International economic law

ldrop2042  2021-2022  Louvain-la-Neuve

International economic law
5.00 credits
30.0 h
Coppens Philippe; Culot Henri;
Main themes
This course consists of an introduction to the specific rules of international economics and international trade: trade (international bodies such as GATT; trade between developed countries; trade between western and eastern countries, etc.), money and finance (IMF, World Bank, etc.), international economic agents (states, transnational companies); investment; analysis of trade relations; international contracts; international disputes. If requested by the Faculty and the Department for economic and social law, the method can be either lecturing or an analysis of cases. The choice of a method is made for a three-year period.
Learning outcomes

At the end of this learning unit, the student is able to :

1 The course's goal is twofold. The first goal is to show that law and economics share intertwined concerns. Some elements of Law & Economics are developed from this viewpoint. The second goal is to encourage students to have a critical and well-argued vision of the economic, political, and social movements of globalization and of the norms which convey their meaning. To be constructive, this critique should be supported by a rigorous command of the technical rules of substantive law stated in the Agreements establishing the World Trade Organization (WTO).
The course aims to critically analyze the foundations, modes of operation and substantive law standards of the World Trade Organization (WTO).
The first part of the course examines the main economic and philosophical concepts that provide an understanding of the nature, purposes and tensions of international economic law (theory of absolute and comparative advantage and global justice).
The second part of the course examines the historical development from the partial failure of the Bretton Woods Agreement (1944), the pragmatic solutions of the multilateral negotiation rounds to the Marrakesh Agreement establishing the WTO (1994). it also examines the principles of the WTO Agreements as they relate to economic policy issues. It shows the nature and extent of pragmatic exceptions to these principles. It analyzes substantive law solutions in the Agreements on Trade in Goods and on Trade in Services and the Dipsute Settlement Understanding, taking account of  and WTO case-law. Bilateral and regional trade agreements are also discussed.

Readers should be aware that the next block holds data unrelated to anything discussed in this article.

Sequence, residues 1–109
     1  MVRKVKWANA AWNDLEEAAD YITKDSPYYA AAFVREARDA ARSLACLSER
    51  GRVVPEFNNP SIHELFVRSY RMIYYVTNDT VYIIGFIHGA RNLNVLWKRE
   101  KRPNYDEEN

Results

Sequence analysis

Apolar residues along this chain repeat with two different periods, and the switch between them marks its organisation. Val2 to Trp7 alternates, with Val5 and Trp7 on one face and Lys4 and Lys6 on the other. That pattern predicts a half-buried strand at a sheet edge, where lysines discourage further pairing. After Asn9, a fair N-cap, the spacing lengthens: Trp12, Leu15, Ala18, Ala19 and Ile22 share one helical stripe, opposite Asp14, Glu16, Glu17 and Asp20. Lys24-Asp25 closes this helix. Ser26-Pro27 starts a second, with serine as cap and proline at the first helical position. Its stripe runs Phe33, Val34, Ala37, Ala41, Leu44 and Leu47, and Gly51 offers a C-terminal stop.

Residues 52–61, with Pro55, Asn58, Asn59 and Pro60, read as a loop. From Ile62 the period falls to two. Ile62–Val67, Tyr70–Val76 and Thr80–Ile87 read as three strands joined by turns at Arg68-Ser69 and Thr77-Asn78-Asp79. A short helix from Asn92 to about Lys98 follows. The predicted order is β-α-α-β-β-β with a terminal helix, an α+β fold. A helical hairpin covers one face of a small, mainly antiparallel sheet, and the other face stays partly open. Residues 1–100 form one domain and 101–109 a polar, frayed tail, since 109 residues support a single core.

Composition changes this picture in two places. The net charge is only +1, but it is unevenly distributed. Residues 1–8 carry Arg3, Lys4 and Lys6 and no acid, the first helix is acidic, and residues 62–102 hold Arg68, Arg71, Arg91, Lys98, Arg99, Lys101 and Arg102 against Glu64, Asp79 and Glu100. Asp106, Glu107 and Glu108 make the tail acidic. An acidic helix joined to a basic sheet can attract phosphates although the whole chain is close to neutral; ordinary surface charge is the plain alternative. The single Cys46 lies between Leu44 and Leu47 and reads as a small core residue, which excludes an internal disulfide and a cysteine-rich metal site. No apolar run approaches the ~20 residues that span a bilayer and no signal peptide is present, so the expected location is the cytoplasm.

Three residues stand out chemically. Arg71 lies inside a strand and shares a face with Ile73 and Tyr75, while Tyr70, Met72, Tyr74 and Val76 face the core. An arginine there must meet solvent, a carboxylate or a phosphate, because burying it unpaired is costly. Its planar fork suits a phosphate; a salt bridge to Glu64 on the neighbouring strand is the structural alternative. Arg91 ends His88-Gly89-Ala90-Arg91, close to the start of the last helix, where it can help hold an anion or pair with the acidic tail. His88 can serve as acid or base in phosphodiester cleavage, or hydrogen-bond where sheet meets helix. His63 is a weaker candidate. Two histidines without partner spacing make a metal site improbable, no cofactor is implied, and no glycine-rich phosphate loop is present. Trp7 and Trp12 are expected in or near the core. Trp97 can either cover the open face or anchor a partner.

Finally, drawing mainly on WTO casesrelating to GATT Article XX, Part III analyses the complex relationship between international economic law and the environment.
Teaching methods
The method of teaching is not uniform, but its main goal is to facilitate interactions between students and teachers.
The students will have to read some materials in advance in order to participate in effective class discussions.
Evaluation methods
The exam is oral and/or written. It verifies whether students have acquired sufficient knowledge and understanding, as well as a capacity for critical analysis of the subject.
The students will bring the legal texts (WTO Agreements) with them.
Online resources
Are available online :
- A syllabus (course notes) for the first part of the course
- Power point presentations for the second part
-Articles of legal scholarship and other documents
-The case-law analyzed in class.
Michael J. Trebilcock and Joel Trachtman, Advanced Introduction to International Trade Law, 2nd ed., Edward Elgar, 2020
Peter Van den Bossche and Denise Prevost, Essentials of WTO Law, 2nd ed., Cambridge University Press, 2021
Faculty or entity

Programmes / formations proposant cette unité d'enseignement (UE)

Title of the programme
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Master [120] in Law (shift schedule)

Advanced Master in Tax Law

Advanced Master in European Law

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